A Year-Round Guide to Franklin and Nantahala

Three Easy State Park Trails CCC Loop Trail • Cole Mill Trail • Hickory Nut Falls Trail [caption id="attachment_167257" align="alignnone" width="1140"] At Singletary Lake State Park, visitors can explore the

Rosemary and Goat Cheese Strata

Three Easy State Park Trails CCC Loop Trail • Cole Mill Trail • Hickory Nut Falls Trail [caption id="attachment_167257" align="alignnone" width="1140"] At Singletary Lake State Park, visitors can explore the

3 Easy State Park Trails

Three Easy State Park Trails

CCC Loop TrailCole Mill TrailHickory Nut Falls Trail

At Singletary Lake State Park, visitors can explore the 572-acre lake via kayak or canoe. photograph by Chansak Joe/iStock/Getty Images Plus

CCC Loop Trail

Singletary Lake State Park, Bladen County

Urged on by a gentle breeze, rippling water laps against the pilings of a wooden pier that juts out into Singletary Lake, one of the mysterious Carolina bays whose origins elude scientists. Where the pier meets the shore, the easy, one-mile CCC Loop Trail — named for the Civilian Conservation Corps, which built some of the facilities at Singletary Lake State Park — begins to follow the shoreline. Here, cedar, gum, and poplar trees are skirted by bay shrubs. Looking closely, hikers might spot carnivorous pitcher plants and Venus flytraps or the paw prints of a black bear in the white sand. They might catch a glimpse of playful otters foraging in the lake or an endangered red-cockaded woodpecker peeking out from its nesting cavity in a longleaf pine. The far end of the trail loops through a shady forest of these towering conifers — the path blanketed with patches of lichen — before the trees thin out, the white sand returns, and the trail leads back to where it started. — Rebecca Woltz

6707 NC Highway 53 East
Kelly, NC 28448

During a hike in Eno River State Park via any of its five accesses, you might stumble upon historic structures like home sites, a mill, and remnants of a pump station. photograph by Tarheelson/iStock/Getty Images Plus

Cole Mill Trail

Eno River State Park, Durham County

Eno River State Park — a Piedmont gem and tranquil respite in the middle of urban Durham — contains some of the best wildflower and birding opportunities in the area. For a nearly effortless excursion, explore the Cole Mill Trail. The 1.2-mile loop is an easy, short hike that, aside from a quick climb through the forest, follows alongside the Eno and remains mostly flat. A popular route for birders and anglers, the route features plenty of spots for hikers — and their furry, leashed friends — to wade into the river and spy turtles in the shallows. Be sure look out across the opposite riverbank to see laurel and rhododendron on the shady, north-facing bluffs — and keep an eye out for natural trip hazards, like roots. — Katie Schanze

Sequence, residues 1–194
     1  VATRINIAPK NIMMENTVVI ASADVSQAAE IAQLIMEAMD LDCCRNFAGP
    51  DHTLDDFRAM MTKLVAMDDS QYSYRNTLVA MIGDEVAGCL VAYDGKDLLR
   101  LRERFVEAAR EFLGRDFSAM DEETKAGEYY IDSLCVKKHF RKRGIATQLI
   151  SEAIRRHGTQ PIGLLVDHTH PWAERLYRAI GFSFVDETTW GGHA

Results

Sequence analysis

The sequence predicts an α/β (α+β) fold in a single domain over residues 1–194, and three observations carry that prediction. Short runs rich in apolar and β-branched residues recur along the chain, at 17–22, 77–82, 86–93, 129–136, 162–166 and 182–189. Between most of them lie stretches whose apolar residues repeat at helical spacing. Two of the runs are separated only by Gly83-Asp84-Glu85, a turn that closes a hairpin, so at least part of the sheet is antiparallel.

6101 Cole Mill Road
Durham, NC 27705

Hickory Nut Falls at Chimney Rock State Park was featured in the 1992 movie The Last of the Mohicans. photograph by alex grichenko/iStock/Getty Images Plus

Hickory Nut Falls Trail

Chimney Rock State Park, Rutherford County

On a trip to Chimney Rock State Park, there’s no question that you’ll climb the 499 steps (or walk through a nearly 200-foot man-made tunnel and take a 26-story elevator followed by 40 steps) to reach the top of the iconic monolith — the Chimney Rock — which towers 315 feet over the mountainside and offers sweeping views of Hickory Nut Gorge and the Rocky Broad River as it flows into Lake Lure. It’s worth the effort! But if you’re in search of a way to cool off afterward, consider the gently rolling trail to the base of Hickory Nut Falls. Shaded by deep forest, this 1.4-mile round-trip hike features rest areas and picnic tables, and you’ll be enveloped by native rhododendron and mountain laurels. Your reward is one of the tallest waterfalls east of the Mississippi River, which drops more than 400 feet over a solid mass of Henderson gneiss. A small set of stairs at the base will lead you right into the cooling mist. — Katie Schanze

431 Main Street
Chimney Rock, NC 28720

This story was published on Apr 12, 2023

Rebecca Woltz

Rebecca is the staff writer at Our State.

Katie Schanze

Katie Schanze is an associate editor and digital content editor at Our State.